Think carefully if you want to share the details of your turnover with your landlord before taking advantage, advises Tristan Wark
Your landlord has offered you a turnover-based lease to replace your fixed-rent lease. Before you take up the offer you need to be fully informed: how will your new lease work? Which terms do you need to review? And are there any potential bear traps?
The law and the current market
Turnover-based leases have become increasing widespread in recent times, and bring the UK more in line with the US and Italy, where rents linked to turnover and visitor traffic are more common. Since the beginning of lockdown there has been growing demand from retailers and hospitality businesses for turnover- based rents. There are two types of lease:
- A ‘pure turnover' lease, where the only rent the tenant pays is based on turnover;
- A ‘turnover top-up' lease, where the tenant pays a reduced fixed base rent at a certain percentage of the open market value, with a turnover top-up paid in addition where turnover exceeds the base rent.
A number of issues need to be considered when entering into a turnover lease. The most critical of which is what constitutes turnover. For example, tips and gratuities paid by customers that are passed on directly or via a tronc to your employees should not form part of the turnover for the purposes of calculating turnover rent. Perhaps you have an offsite kitchen for deliveries – how should that be treated?
Payment mechanics also need careful thought, and the following are important:
- Turnover leases typically involve paying an on account turnover rent estimate, which is then reconciled against actual turnover.
- Consider the effect of seasonal turnover variations – most restaurants prefer to pay a more even turnover rent throughout the year rather than receive one large turnover rent bill in the Christmas quarter.
- Consider tying the annual turnover reconciliation date with your financial year-end, so that certificates of turnover can be more easily produced.
A turnover lease will almost certainly mean a more proactive landlord and tenant relationship than you have been used to. Your landlord will become interested in your trading success, seeking to maximise their rent with a high-turnover occupier. This may result in very restrictive provisions to prevent you underletting or assigning the lease. The closer relationship also means your landlord will have more information about your business, so you will need to ensure there are suitable confidentiality obligations in place.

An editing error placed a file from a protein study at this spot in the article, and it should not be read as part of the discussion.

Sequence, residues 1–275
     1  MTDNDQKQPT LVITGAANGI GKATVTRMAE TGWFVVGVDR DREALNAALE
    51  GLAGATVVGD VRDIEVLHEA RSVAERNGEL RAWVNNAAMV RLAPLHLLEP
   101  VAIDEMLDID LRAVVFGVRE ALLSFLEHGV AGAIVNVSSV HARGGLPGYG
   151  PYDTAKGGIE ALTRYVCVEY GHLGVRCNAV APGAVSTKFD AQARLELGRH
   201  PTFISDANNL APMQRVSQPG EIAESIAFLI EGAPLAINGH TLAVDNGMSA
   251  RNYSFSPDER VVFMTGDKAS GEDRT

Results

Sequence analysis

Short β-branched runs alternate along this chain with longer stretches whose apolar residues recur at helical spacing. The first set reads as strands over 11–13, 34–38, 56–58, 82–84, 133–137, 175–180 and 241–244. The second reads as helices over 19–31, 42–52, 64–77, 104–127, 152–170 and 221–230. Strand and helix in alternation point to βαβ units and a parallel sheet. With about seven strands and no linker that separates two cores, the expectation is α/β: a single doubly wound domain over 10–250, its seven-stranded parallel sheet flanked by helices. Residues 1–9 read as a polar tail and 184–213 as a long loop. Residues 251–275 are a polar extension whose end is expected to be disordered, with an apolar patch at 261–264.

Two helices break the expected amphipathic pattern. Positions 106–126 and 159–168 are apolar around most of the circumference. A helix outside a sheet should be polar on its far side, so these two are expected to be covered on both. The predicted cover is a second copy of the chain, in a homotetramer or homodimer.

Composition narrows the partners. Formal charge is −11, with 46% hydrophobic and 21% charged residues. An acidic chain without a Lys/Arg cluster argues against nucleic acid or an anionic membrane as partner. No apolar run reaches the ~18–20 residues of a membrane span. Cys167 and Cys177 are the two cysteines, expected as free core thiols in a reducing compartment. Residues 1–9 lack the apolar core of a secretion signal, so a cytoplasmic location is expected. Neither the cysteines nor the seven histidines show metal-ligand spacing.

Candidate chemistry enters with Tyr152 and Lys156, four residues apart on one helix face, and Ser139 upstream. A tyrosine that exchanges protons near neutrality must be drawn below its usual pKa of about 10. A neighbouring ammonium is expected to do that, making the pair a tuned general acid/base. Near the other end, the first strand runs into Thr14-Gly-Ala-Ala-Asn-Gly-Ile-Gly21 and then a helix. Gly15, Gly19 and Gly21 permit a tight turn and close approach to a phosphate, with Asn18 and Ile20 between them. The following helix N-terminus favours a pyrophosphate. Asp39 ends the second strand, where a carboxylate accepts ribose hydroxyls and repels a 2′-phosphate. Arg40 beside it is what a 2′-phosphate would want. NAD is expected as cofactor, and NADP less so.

Your landlord will become interested in your trading success, seeking to maximise their rent with a high-turnover occupier
Turnover leases often include a keep open covenant, where if the restaurant doesn't open a turnover is assumed. Check how this works and that an artificial turnover won't be assumed where it would be unreasonable to do so – for example, if it would be unlawful to open or if you close the restaurant to undertake refurbishment and decorating works.
Stamp Duty Land Tax (SDLT) in respect of the grant of the lease is also more complex for turnover leases and involves estimating what the turnover rent will be during the term of the lease and potentially making multiple SDLT returns.
- Appoint a specialist solicitor and surveyor to support and advise you on negotiating and agreeing the terms of the turnover lease.
- Examine the definition of what the lease treats as turnover line by line.
- It is likely you will be asked to provide turnover certificates and detailed records. Ask yourself if you are happy with your new obligations, and be honest about the time that will be needed.
- Timing is crucial. When must you pay the rent and any top-ups? Do the new terms work with your typical cashflow?
Turnover rents can be beneficial, but they are not without their difficulties, both in terms of drafting and management. Failing to consider the detail of your new turnover lease could result in you paying more than you would other- wise have, or struggling under the administrative burden of calculating and auditing turn- over rent levels too frequently.
Tristan Wark is a senior associate in the commercial real estate team at London law firm Goodman Derrick LLP
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